Cams and limbs have been updated for 2011 and the Hoyt Carbon Element is outfitted with the new Fuel Cam and XTS Pro ARC limbs. I must admit that I wasn’t impressed with the new Fuel Cam. To me, the new Fuel cam has almost the same draw cycle as the XTR Cam. Some would argue the feel, but this is the impression I get from shooting it.

Another one of the noticeable differences on the cam is a larger draw stop peg and a brown anodized finish instead of last year’s black finish.

One of my issues with last year’s Carbon Matrix was that it would not accept a 2-piece quiver without purchasing additional hardware for the bow. This year Hoyt has modified the Carbon Element to accept Hoyt’s Pro Series 2-piece quiver without the need for additional hardware. This is a plus for those who like to hunt with their quiver fixed to their bow.

Another welcomed upgrade was the addition of Hoyt’s silent shelf, a molded rubber insert that eliminates any sound from the arrow coming in contact with the riser shelf. This also prevents any unwanted noise from drop away rests that come in contact with the riser shelf.

SHOOTING THE CARBON ELEMENT

By this point I’m sure you’re ready to hear about how this bow shoots! When you pick up the Carbon Element the first things you will notice are it’s light weight and how it balances in your hand. The feel of Hoyt’s carbon bows continues to impress me and the Carbon Element is should be a pleasure to take in the field and carry all day long.

The bow I was using was set at 70 pounds and had a 29″ draw. As you draw the bow back, the weight steadily builds until you reach the valley and drop off to a solid wall. The cam has a harsher draw cycle than I like, but is acceptable, and doesn’t take away from the shootability of this bow.

At full draw, the Pro ARC Limbs are past parallel distributing energy evenly and eliminating hot spots found on solid limbs. Like all Hoyt limbs, these are build in-house at Hoyt’s factory in Salt Lake City, Utah and put through the 1,000 dry fire test. The 5-layer laminated limbs store a massive amount of energy giving your arrow more speed and kinetic energy down range. As an added benefit, the past parallel limbs also cancel vibration leaving the bow dead in your hand. Some of Hoyt’s past limbs were known to splinter on the side of the limb. It does not hinder the performance of the bow, it’s more cosmetic, but Hoyt backs their limb and will replace them if this occurs. The new Pro ARC Limbs have supposedly remedied the problem.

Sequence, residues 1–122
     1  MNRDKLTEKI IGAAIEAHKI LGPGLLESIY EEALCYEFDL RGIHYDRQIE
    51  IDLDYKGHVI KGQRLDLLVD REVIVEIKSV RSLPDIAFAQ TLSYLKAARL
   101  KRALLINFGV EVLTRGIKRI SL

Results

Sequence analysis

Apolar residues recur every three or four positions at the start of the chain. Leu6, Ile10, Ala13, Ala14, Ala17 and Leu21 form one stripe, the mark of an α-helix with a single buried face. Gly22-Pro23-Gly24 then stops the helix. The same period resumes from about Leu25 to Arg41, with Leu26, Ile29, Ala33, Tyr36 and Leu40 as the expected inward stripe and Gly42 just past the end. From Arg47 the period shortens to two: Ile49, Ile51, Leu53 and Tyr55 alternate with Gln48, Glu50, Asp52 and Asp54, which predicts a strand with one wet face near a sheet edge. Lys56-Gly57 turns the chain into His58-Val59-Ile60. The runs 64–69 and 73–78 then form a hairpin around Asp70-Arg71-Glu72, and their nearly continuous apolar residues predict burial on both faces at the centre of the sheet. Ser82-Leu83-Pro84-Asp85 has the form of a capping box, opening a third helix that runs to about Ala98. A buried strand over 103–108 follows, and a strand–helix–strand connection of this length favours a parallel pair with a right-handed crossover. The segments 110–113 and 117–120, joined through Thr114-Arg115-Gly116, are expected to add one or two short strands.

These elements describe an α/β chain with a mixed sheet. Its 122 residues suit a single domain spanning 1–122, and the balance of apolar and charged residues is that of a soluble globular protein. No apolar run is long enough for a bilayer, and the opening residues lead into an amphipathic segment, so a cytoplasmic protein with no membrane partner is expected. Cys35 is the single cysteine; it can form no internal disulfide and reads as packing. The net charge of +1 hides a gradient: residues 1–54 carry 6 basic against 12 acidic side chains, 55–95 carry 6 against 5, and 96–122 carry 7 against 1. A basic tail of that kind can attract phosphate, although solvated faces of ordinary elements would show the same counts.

The Carbon Element is enjoyable to shoot and should be well received from Hoyt fans. With the new upgrades from the Carbon Matrix to the carbon bows this year, I’m already excited to see what comes out of the engineering team at Hoyt for next year.

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Product Reviews

Glider Gloves for Bowhunting Deer [PRODUCT REVIEW]

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PROS: touch screen smartphones (tested on iPhone) function with high degree of accuracy, comfortable lightweight material, long cuffs, 10 finger touch screen capability

CONS: fit was slightly off, fingers were a bit short on my pair, not durable enough for use as an active hunting glove, grip material on glove palm creates torque on the bow hand

MSRP: $24.99

Last season I was contacted by Glider Gloves to field test a pair of their Urban Style Touchscreen Gloves. I had previously reviewed a pair of similar gloves by a company called A glove so I welcomed the chance to review these.

Compared to the Agloves, these gloves were higher quality and had a much longer cuff which is something I always look for in a hunting glove. As social media becomes a larger part of hunting and a growing part of NYBowhunter.com I welcomed the chance to be able to easily send updated to my Facebook fans from the tree stand. The Glider Gloves made it easy to text and check email while keeping my hands warm and concealed from the eyes of any nearby whitetail deer.

One thing bowhunters should note is the gloves have a grip on the palm. Some bowhunters, including myself, prefer not to have any grip on their gloves as it helps create torque which lead to less accurate shooting.